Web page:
COPD comprises chronic bronchitis, small airways disease and emphysema, although these do not exclusively occur in COPD. Impaired breathing ability due to COPD is normally irreversible, since lung destruction and enlarged airspaces caused by emphysema are permanent [19]. Chronic bronchitis defines the long-term airway inflammation causing mucus hypersecretion (since the airway epithelium is irritated). The main clinical symptoms of many COPD patients are those pertaining to chronic bronchitis: persistent cough with sputum production and breathlessness, causing lack of energy [19,20]. The Medical Research Council has proposed that these symptoms should appear ‘for at least 3 months of the year on 2 consecutive years' in order to diagnose chronic bronchitis [21].

3.1 Inflammation and Remodelling

The small airways in a COPD patient undergo tissue remodelling - specifically, fibrosis of the airways occurs as well as smooth muscle hypertrophy [22]. COPD patients have increased macrophages, neutrophils and CD8+ T lymphocytes (differing from the cell types that become more prevalent in asthma) throughout the airways, lung parenchyma and vasculature. Similar to asthma, the increase in these cells correlates with the severity of airflow obstruction [23].

3.1.1 Inflammatory Mediators

Macrophages contribute to the chronic inflammation since they release pro-inflammatory mediators such as TNF-α, IL-1, and IL-8 in response to cigarette smoke and other irritants [24,25]. TNF-α binds to one of its 2 receptor subtypes and enhances migration and adhesion of inflammatory cells to endothelia [24]. IL-1 increases production of adhesion molecules, which permit neutrophils and lymphocytes to attach to endothelial cells within the airways, while IL-8 recruits and stimulates neutrophils [26]. The neutrophils themselves release oxidants and further cytokines. Elastase is also produced from neutrophils, and this enzyme breaks down elastin in the connective tissue of the lung, contributing to emphysema. CD8+ T cells are increased in number and are cytotoxic, and so can participate in alveolar wall destruction [23].

3.2 Mucus in COPD

Cigarette smoking is the leading risk factor for COPD, and cigarette smoke induces the epidermal growth factor receptor (EGFR) cascade, which results in the production of mucins and goblet cell hyperplasia [27,28]. EGFR expression is also increased by TNF-α, and smokers and COPD patients have increased EGFR expression in their airways, with associated increased mucin production and goblet cell hyperplasia [28].

Mucus hypersecretion in COPD, like in asthma, results from submucosal gland hypertrophy and goblet cell hyperplasia; this impairs mucociliary clearance, which exacerbates mucostasis (fig. 2) [17,27]. There is an association between higher increases in goblet cells with lower FEV1 values, supporting the hypothesis that increased mucus results in decreased breathing ability. The hypertrophy of submucosal glands in COPD differs from that of asthma, where the gland enlarges while keeping the same distribution of mucous and serous cells; in COPD patients, the ratio favours mucous cells [27].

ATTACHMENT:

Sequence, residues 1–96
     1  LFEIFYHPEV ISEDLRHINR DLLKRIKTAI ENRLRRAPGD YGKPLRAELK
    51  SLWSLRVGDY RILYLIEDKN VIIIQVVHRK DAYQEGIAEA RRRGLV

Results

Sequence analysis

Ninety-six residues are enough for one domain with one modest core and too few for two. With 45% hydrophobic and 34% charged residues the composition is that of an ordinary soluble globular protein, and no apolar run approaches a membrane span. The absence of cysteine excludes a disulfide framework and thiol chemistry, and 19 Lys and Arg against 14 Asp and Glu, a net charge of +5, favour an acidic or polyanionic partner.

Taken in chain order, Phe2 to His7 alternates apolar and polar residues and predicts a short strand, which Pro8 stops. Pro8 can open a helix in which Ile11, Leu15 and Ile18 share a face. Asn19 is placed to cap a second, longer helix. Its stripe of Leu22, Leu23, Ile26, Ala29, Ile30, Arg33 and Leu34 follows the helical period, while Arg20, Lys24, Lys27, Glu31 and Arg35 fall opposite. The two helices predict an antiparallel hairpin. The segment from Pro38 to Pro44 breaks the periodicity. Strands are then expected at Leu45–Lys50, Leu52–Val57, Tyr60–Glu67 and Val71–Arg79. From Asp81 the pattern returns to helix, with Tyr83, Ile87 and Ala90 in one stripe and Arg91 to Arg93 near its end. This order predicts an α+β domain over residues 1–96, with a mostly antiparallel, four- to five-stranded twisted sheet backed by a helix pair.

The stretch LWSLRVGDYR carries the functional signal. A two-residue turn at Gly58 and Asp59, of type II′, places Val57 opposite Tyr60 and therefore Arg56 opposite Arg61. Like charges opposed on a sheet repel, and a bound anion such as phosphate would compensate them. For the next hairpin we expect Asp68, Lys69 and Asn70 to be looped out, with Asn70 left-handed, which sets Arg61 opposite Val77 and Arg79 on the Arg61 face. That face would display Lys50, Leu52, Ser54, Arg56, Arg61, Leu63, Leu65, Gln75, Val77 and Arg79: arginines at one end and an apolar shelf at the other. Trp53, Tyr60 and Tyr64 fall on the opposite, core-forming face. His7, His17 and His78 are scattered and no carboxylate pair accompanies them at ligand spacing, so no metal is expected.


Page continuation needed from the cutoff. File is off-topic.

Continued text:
Like asthma, mucins MUC5AC and MUC5B are found in higher amounts in COPD patients [3,17]; however, COPD differs in that there is also a slight upregulation of MUC2, the other gel-forming mucin found in airway secretions, in goblet cells. However, MUC2 is normally only present in small amounts in airway secretions of COPD patients [1,17]; so this small phenotypic difference (between asthma and COPD) may not be of great importance.

Mucin proteins are translated from mRNA sequences coded by MUC genes. These mucins then undergo post-translational modifications such as glycosylation before being released as mature molecules.

4.1 Key Molecules

4.1.1 EGFR

EGF and its tyrosine kinase receptor, EGFR, are implicated in the regulation of mucin synthesis (fig. 3) [29]. Ligands that bind to this receptor include EGF, transforming growth factor-alpha (TGF-α), and vascular endothelial growth factor (VEGF) - these are proteolytically cleaved by metalloproteases before the active growth factor can be released to bind to EGFR.

Fig. 3

Example of a signalling cascade leading to mucin protein production following EGFR activation by ligand binding. Ligands bind to the extracellular domain of EGFR, causing the tyrosine kinase domain to the phosphorylate part of the receptor located in the cytoplasm. This causes recruitment of effector molecules such as JAK and MEK proteins. These are involved in pathways that modulate DNA synthesis; JAK phosphorylates STAT protein, which binds to specific DNA motifs to regulate expression of genes; in this case, mucin (MUC) genes, leading to mucin synthesis. ERK = Extracellular signal-regulated kinases; JAK = Janus kinase; MEK = mitogen-activated protein kinase; P = phosphate group; PI3K = phosphoinositide 3-kinase.

Fig. 3